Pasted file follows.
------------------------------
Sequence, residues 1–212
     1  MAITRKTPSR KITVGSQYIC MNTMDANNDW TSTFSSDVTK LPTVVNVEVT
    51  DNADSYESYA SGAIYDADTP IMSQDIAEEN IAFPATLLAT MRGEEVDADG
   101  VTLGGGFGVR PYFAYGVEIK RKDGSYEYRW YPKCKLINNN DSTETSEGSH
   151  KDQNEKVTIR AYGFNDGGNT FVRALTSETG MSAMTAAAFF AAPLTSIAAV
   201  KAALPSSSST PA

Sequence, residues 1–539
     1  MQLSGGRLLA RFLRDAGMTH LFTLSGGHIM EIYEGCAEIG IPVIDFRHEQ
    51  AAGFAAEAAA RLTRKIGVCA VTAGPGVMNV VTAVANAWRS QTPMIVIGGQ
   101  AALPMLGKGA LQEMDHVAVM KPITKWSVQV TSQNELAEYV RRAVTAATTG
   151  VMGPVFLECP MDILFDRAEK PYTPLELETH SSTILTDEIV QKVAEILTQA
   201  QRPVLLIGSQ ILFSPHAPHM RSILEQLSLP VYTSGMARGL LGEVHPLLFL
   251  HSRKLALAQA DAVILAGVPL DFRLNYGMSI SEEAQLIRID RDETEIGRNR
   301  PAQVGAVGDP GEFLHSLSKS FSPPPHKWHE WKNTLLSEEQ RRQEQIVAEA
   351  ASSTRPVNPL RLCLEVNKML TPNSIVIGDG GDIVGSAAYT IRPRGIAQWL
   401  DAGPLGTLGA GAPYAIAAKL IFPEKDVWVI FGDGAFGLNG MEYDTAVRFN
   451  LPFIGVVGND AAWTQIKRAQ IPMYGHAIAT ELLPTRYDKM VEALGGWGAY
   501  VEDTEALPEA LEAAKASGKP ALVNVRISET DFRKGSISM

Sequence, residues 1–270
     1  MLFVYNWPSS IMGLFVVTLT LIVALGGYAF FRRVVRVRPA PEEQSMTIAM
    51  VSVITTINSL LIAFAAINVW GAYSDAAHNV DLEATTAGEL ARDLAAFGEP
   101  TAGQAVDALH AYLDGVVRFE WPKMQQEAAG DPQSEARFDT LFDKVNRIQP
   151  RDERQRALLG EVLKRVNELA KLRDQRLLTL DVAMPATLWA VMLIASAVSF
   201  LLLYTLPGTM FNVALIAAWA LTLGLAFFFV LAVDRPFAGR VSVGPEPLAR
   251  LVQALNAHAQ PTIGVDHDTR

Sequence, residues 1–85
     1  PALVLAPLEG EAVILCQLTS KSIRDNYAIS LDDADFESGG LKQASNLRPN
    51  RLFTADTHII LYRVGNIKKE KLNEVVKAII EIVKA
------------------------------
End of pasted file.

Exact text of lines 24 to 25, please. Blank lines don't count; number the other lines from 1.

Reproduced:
   201  LLLYTLPGTM FNVALIAAWA LTLGLAFFFV LAVDRPFAGR VSVGPEPLAR
   251  LVQALNAHAQ PTIGVDHDTR